Piccaver went in whilst the spirit of the man who built it up, still reign, and can be said to have gone right through the decline and fall of the Mother Empire.
A few comments on those 27 years at Vienna. He had a wonderful galaxy of heroines to sing to, during those years. Loti Layman, Adelle Kern, Elizabeth Schuman, Maria Yaritza, Maria Nemat, Bertha Corina, Lucy Viète, and perhaps most popular of all, Zelma Kurtz. He generally sang in about 50 performances a year, and throughout this time, was their leading lyricist spinto tenor. In later years, he undertook heavier roles, but he knew his limitations and sang nothing that was outside his range. Radames and Aida was the absolute limit, and even that began to sound strained as time went on.
One bad habit he had, was calling off. And at one time, the joke going round Vienna, was that in September, he worked out his indisposition for the whole season. He would try his voice out on the morning of a performance and if not satisfied, he’d cancel, saying his public must have it’s ‘his best’ or nothing. He was spoiled in Vienna and could do no wrong as far as the public were concerned. His final performance there, was in Tosca on Jun 2nd, 1937, and on the following March, Hitler annexed Austria.
Now, what about America? Piccaver had studied at the Met’s Opera school and was friendly with Conrid, the manager. It could be assumed that he would someday be obliged to sing there. But Conrid had died and Gatti Cazaza, the new manager, had sent Piccaver a contract in 1914, for that and the three following seasons. Guaranteeing seventeen roles over the next four years, starting at $400 a performance, and rising to 600. Piccaver never signed the contract, and he did not go. And it is said, that Gaetti Casazza never forgave him. Apparently, he was never ever asked again. He did however appear at the Chicago lyric opera during two seasons in 1923/24 and 1924/25. He sang in Rigoletto, Cavalleria Rusticana, and Tosca there, and was much admired.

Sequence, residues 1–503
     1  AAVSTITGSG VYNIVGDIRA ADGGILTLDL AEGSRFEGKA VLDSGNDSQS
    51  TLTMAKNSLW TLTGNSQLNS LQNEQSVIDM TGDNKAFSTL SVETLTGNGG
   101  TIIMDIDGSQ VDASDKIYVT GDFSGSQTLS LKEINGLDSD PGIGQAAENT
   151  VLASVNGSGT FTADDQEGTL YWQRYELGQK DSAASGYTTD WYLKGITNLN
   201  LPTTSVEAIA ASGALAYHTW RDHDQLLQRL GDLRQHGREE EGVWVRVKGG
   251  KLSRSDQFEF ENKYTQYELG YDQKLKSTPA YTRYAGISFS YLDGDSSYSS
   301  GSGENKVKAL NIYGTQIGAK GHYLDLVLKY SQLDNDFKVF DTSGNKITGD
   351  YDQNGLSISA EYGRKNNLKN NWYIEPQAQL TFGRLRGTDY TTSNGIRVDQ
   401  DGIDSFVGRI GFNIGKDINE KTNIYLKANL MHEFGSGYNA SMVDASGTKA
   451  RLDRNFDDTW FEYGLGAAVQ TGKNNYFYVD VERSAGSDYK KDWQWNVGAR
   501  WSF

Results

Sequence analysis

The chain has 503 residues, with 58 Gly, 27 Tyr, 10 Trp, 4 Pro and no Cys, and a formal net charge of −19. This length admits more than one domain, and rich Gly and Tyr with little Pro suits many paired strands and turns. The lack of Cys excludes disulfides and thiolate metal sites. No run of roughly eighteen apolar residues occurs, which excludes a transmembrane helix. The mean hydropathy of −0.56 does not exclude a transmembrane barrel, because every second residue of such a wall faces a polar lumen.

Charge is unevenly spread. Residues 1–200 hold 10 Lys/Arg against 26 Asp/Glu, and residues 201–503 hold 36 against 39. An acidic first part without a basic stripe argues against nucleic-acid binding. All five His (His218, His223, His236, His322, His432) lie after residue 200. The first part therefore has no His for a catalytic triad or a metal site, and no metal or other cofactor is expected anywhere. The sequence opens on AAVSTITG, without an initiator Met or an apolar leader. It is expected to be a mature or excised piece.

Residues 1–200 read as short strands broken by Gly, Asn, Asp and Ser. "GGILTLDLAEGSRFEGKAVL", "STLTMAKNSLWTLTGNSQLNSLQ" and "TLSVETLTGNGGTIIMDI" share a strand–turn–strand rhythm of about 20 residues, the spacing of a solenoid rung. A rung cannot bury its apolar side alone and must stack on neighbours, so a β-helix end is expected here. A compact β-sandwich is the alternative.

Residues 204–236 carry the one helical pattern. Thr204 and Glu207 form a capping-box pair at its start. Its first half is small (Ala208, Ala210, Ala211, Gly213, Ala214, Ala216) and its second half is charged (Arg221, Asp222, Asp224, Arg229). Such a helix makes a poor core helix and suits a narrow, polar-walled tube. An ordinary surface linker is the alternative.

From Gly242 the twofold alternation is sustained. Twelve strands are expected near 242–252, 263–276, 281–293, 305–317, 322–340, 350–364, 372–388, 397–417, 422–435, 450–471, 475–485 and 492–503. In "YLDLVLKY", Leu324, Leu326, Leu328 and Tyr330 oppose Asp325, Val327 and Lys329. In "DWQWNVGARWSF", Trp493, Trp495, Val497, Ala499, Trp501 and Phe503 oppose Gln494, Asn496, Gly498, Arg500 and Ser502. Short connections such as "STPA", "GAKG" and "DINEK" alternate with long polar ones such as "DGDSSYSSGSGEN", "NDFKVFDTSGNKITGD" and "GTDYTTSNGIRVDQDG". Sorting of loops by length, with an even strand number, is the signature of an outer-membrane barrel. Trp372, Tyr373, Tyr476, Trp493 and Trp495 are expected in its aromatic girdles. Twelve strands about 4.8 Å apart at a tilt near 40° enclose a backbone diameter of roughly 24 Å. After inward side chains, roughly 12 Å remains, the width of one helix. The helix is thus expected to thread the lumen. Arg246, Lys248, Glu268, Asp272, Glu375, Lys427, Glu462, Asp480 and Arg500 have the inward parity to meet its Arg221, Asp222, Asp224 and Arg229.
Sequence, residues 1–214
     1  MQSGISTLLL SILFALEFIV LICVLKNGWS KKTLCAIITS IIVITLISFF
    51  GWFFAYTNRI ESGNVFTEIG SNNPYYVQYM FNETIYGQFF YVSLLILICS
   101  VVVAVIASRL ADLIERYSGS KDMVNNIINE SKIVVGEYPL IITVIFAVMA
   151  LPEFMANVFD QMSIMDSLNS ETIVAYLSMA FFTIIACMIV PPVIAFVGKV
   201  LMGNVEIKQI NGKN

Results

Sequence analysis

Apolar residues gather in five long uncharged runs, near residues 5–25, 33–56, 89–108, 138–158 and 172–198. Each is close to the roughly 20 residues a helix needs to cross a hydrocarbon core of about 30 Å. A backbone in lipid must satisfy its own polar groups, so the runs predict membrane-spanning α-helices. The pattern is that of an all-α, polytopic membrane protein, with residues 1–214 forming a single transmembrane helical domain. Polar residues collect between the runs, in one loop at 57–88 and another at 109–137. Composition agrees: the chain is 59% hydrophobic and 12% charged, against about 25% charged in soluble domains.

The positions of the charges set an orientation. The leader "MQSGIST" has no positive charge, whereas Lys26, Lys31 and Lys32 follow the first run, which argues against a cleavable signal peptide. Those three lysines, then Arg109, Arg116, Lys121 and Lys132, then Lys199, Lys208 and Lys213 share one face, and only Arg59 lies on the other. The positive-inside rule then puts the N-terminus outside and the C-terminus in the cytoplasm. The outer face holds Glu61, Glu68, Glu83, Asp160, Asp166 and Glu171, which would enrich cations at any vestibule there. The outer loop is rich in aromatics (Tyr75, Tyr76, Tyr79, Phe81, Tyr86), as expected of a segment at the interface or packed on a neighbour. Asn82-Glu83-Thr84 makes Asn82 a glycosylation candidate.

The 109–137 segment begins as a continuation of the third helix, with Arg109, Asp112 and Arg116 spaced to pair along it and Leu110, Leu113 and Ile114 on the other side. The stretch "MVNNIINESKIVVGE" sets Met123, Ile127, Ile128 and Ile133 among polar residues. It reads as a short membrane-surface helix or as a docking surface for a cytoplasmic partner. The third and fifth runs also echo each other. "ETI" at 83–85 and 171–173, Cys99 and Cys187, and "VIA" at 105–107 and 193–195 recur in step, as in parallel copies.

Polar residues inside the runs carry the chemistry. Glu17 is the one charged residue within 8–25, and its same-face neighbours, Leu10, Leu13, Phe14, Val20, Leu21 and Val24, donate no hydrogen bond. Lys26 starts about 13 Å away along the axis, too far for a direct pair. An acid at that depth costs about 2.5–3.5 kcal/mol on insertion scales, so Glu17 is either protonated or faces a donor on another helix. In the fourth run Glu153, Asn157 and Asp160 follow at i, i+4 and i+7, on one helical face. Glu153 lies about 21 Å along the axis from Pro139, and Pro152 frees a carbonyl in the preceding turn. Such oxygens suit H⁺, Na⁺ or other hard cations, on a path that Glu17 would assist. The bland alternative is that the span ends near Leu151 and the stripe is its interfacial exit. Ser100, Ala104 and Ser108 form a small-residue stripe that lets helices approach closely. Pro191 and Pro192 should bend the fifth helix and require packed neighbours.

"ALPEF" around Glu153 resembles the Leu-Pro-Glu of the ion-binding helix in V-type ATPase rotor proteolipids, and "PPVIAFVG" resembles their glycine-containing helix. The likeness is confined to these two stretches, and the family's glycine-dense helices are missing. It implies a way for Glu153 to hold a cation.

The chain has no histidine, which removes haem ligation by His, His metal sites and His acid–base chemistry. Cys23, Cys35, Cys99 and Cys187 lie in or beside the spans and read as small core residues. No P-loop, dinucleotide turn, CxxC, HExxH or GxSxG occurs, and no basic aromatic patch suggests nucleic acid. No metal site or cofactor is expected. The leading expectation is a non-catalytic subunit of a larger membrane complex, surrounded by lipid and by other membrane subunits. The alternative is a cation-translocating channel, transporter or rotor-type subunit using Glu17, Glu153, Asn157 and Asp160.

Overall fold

Here are a few press quotes:
The Chicago Daily News
Gifted with a voice that is more robust in lyric, he still has some excellent ideas of tone differentiation. So, when the text demanded it, he sang a fine quality of Mezzavoce, and even with delicate penas with more effect. He is perfectly ‘at home’ on the stage, his presence is imposing, and his Italian was clearly enunciated.
Piccavers voice, is a dark tenor and therefore colorful. At times, in his high notes and again in his middle register, makes one think of Caruso. He has an even register, his top notes having the same beautiful richness that marks the lower part of the range. The voice throughout is full, big and beautiful, with an individuality that makes it distinctive. It is lyric dramatic, suitable either to the purely lyric roles or the heavier parts of the dramatic operas. Despite its robust quality, Piccaver uses it skillfully in the softer measures and in the quartet, it was almost unbelievably rich and lovely. The tenor is an actor of no mean ability and has a fine stage presence despite a tendency to fleshiness.